Skateboarding is a fascinating sport, hugely popular in the United States, which dominates over 50% of the global skateboarding market. With a range of styles, traditional skateboards and cruiser-style long boards are a common mode of transportation in cities around the country. Upping the ante and staying relevant with advancing tech, the skateboarding industry is dabbling with motorized skateboards.
Making that manual push a thing of the past, motorized skateboards are on the rise. While you can make pushing yourself a thing of the past too, here's what you should know before you invest.
It's Transportation, Do Your Homework
Whether you're using a motorized skateboard for leisure, sport, commuting, or all of the above, it's still a mode of transportation. You have a choice between a chargeable electric skateboard and a gas-powered motorized skateboard (or you could get both). With anything gas-powered you're tying yourself to the regular purchase of fuel and offensive omissions. We've learned to trust gas powered motors, but why leash yourself to a gas station?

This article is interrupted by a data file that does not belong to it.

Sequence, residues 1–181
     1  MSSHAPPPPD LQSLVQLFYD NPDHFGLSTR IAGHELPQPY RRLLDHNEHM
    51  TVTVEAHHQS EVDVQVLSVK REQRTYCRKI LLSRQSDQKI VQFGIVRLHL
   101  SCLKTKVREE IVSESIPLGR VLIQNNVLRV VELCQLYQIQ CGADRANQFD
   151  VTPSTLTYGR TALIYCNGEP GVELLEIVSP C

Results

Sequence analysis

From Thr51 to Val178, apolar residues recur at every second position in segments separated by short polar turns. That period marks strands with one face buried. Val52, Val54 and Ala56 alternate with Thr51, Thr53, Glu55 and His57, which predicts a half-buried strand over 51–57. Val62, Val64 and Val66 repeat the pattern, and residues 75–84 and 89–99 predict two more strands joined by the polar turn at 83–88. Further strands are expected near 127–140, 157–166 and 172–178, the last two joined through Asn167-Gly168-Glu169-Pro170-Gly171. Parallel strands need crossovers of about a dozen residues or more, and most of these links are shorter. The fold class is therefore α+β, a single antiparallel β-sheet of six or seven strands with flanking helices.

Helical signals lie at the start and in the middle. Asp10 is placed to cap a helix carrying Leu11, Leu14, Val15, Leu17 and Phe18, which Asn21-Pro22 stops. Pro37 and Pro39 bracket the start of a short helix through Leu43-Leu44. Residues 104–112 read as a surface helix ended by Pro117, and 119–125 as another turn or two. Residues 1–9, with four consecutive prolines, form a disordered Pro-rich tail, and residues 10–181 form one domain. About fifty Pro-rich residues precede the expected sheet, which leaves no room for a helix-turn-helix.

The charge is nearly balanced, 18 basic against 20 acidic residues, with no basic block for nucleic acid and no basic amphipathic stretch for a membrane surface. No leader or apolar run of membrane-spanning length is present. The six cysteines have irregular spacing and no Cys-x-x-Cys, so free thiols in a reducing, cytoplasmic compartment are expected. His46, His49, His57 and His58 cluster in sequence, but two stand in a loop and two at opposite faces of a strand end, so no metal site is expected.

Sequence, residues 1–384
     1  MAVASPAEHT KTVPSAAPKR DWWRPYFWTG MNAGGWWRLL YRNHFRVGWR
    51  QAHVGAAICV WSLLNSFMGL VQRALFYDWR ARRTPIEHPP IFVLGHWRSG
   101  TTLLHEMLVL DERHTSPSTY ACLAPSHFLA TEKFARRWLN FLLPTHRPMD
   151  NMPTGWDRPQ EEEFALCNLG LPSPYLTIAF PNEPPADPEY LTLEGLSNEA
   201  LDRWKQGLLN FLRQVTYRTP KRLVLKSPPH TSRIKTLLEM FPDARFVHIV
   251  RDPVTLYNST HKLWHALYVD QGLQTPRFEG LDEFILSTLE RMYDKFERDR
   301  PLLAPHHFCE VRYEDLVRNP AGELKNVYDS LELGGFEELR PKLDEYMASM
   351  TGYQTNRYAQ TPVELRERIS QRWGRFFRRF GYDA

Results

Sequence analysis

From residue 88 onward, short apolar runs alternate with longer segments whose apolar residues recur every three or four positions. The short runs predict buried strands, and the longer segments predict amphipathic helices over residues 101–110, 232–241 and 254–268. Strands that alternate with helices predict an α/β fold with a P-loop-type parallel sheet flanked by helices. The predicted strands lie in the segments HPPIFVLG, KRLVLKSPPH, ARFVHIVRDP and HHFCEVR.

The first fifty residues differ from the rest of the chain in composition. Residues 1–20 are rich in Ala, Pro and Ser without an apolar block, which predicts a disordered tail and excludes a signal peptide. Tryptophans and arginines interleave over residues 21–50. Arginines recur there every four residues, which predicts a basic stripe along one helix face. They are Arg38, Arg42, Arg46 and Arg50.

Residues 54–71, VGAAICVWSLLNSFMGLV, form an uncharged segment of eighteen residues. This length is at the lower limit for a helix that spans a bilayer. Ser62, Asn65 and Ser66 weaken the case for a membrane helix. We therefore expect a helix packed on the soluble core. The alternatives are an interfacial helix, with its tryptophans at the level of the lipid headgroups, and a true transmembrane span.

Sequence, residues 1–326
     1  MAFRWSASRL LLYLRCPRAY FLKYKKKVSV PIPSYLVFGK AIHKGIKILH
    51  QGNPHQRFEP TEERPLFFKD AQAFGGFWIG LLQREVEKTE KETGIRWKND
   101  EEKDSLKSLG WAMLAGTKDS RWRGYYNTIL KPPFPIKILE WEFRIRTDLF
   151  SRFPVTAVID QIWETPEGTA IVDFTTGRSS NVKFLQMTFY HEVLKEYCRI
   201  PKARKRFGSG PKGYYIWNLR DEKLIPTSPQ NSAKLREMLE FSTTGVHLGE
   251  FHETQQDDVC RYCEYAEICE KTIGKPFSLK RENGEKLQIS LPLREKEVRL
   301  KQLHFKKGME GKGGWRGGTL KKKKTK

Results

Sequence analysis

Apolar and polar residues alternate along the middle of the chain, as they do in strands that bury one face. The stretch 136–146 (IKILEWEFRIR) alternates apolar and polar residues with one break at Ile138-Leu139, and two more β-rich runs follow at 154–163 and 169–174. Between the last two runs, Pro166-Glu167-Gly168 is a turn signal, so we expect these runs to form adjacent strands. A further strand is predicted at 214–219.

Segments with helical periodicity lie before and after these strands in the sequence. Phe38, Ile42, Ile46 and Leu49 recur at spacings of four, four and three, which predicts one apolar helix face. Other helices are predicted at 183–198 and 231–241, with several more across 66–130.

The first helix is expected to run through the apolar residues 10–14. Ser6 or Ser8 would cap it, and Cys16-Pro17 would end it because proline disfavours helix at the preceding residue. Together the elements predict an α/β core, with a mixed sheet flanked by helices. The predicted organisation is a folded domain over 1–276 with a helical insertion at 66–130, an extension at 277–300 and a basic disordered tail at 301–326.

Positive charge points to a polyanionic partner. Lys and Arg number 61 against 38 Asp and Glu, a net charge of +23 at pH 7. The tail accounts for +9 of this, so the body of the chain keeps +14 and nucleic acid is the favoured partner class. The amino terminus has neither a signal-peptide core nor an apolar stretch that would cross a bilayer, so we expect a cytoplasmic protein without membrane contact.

Know Your Limits
The safety message is old hat and we don't want to sound like your parents right now, but a motorized skateboard is fast and pavement is merciless. If you haven't set foot on a skateboard in a long time, hopping on one with a motor (some of which accelerate to 20+ MPH) may be a bit aggressive. In no way does this mean you shouldn't get into it, but we recommend shaking off the proverbial sea-legs and preparing for a serious change of pace beforehand. Talk to people who have and use them daily, and the knowledgeable folks who sell them. Get an handle on your skill level and take one for a test ride (you'll love it).